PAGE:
As COVID-19 cases surge in New Hampshire, state epidemiologist Dr. Benjamin Chan and Dr. Elizabeth Talbot, infectious disease specialist at Dartmouth-Hitchcock Medical Center, continue to emphasize the importance of social distancing and wearing a mask or face covering to stop potential exposure to the virus.
The Exchange interviewed them Wednesday. Here are some highlights of that conversation. You can listen to the full discussion here.
The following excerpts were lightly edited for length and clarity.
Dr. Chan: Our current seven-day average PCR test positivity rate stands at about 3.5 percent.
So compared to other locations around the U.S. that are 10-15 percent, that remains relatively low.
But if you look at the trajectory, of the trend of that and other numbers over the last several weeks, those are going up. Our test positivity rate used to be less than 1 percent, and now we’re at three and a half percent.
Dr. Chan: We continue to emphasize the importance of face masks, especially now when we're seeing all communities throughout the entire state and surrounding states that have substantial or very high levels of community transmission.
We’ve always said, “my mask protects you,” but now we have data that says, “my mask protects us both.”
So I think if you weren’t motivated by protecting the people around you, I hope that you’ll still hear the benefit is beyond that.
Dr. Chan: There is absolutely a role for doing population-based testing, even if somebody is asymptomatic. But you have to use the right test.
Antigen tests are most accurate when used in people with symptoms. We’re seeing new data which suggests lower accuracy in people without symptoms.
So when it comes to testing or screening people that don’t have symptoms, we continue to recommend the PCR tests, which remain available across the state, and looking to target these antigen based tests more for people that have symptoms, which maximizes the benefit and minimizes the risk of false negatives or false positives.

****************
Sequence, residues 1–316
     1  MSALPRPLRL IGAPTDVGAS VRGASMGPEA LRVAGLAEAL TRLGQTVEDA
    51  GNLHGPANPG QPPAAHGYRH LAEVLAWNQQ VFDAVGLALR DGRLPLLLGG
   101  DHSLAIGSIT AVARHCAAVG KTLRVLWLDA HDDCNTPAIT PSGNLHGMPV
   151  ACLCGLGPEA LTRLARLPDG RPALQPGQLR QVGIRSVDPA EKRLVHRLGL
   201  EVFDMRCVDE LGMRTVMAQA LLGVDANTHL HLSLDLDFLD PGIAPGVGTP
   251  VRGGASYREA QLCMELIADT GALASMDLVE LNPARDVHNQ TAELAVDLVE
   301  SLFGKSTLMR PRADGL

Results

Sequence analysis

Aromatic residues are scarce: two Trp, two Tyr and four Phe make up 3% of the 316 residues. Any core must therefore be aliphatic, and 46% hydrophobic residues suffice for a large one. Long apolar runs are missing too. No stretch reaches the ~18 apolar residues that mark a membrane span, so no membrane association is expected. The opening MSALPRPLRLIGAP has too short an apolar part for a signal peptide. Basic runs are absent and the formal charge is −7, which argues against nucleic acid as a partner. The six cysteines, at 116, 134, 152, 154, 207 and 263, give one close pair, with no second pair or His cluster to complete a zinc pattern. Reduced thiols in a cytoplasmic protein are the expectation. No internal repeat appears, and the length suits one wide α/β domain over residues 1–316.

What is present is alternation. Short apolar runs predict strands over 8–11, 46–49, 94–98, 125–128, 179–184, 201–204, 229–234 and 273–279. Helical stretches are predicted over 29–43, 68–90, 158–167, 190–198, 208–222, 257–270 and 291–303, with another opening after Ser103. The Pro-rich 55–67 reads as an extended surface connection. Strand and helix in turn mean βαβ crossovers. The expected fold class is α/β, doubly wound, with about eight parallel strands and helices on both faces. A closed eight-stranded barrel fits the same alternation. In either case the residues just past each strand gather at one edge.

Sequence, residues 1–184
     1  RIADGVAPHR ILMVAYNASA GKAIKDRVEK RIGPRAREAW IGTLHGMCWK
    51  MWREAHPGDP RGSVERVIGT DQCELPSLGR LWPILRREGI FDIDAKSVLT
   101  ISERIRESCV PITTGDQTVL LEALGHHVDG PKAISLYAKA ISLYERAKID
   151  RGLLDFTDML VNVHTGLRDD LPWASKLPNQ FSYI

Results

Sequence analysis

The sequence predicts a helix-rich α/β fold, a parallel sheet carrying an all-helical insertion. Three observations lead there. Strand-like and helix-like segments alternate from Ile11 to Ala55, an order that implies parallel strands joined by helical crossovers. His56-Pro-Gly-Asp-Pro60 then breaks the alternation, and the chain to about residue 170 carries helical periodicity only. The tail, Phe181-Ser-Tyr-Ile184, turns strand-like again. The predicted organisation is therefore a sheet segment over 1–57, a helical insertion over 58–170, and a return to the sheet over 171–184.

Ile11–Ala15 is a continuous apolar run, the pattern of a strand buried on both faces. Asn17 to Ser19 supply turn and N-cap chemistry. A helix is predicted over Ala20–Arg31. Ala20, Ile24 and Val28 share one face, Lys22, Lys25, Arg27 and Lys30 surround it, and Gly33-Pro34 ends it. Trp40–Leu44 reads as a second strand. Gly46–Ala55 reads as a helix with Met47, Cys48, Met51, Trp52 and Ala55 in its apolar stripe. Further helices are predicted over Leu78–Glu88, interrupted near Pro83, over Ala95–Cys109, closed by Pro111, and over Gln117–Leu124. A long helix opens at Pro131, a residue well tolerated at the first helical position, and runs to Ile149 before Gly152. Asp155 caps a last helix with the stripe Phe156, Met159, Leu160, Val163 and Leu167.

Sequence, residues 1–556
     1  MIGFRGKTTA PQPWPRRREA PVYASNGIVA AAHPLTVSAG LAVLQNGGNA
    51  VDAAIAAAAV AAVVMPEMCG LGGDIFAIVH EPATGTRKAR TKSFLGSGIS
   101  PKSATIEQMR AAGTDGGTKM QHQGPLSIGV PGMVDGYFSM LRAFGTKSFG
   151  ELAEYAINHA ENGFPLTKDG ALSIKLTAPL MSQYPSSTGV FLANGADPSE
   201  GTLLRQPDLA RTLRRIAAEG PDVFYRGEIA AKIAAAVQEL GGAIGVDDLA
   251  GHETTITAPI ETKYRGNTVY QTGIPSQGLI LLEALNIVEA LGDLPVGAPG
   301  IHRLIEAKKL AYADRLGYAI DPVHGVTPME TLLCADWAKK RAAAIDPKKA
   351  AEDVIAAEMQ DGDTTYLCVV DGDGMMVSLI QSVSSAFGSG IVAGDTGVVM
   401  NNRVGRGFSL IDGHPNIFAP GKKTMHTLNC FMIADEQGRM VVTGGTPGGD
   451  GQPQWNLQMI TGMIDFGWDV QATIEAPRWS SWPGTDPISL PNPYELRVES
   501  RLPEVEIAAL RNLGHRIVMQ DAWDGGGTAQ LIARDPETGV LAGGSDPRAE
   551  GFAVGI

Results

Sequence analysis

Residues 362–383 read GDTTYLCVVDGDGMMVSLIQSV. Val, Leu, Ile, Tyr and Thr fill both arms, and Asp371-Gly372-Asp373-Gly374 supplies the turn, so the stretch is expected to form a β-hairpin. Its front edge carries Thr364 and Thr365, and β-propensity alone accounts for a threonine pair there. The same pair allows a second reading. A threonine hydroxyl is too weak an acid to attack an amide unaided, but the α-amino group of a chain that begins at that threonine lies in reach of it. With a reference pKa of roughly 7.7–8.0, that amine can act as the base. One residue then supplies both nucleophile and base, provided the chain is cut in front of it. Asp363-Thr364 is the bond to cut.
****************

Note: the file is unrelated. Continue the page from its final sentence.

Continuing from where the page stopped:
Dr. Chan: As we get to such high widespread levels of community transmission, the effectiveness of contact tracing is diminished. And why do I say that?
Contact tracing is a containment strategy, right? We look to identify and track down and break chains of transmission. And when numbers are low and community transmission is low, we’re much more effective and able to contain the virus through contact tracing.
But when we get to such high levels of community transmission throughout the state, the effectiveness of using that as a primary strategy is greatly diminished.
Dr. Talbot: What we know of the rising rates, and now the rising hospitalizations, and even the data that we have showing that deaths are increasing and ICU adminissions are going up... all metrics are not favorable right now for having a gathering in your home.
Dr. Talbot: Pfizer's vaccine has exceeded expectations. Even just this morning, they updated that their vaccine went from 90 percent efficacy to 95 percent efficacy, so that's great news.
This is the first time the vaccine technology has been demonstrated to be effective in humans, and I think the consistency of these numbers between Pfizer and Moderna (another vaccine trial), gives me greater confidence that the likely reality is that this technology works.
I love what they’ve done in terms of making sure they’ve included racially and ethnically diverse populations and those who are most likely to get sick and even die from this infection, and those who are older, those who have medical comorbidities.
Nothing looks dangerous about this vaccine in the tens of thousands of people who have now received it.
Dr. Talbot: It’s an intersection of who you are. That is, if you have a medical comorbidity, if you’re sick with diabetes or heart disease, if you’re older than 65, then I think the answer is no, that you need to embrace the virtual ways of celebrating this holiday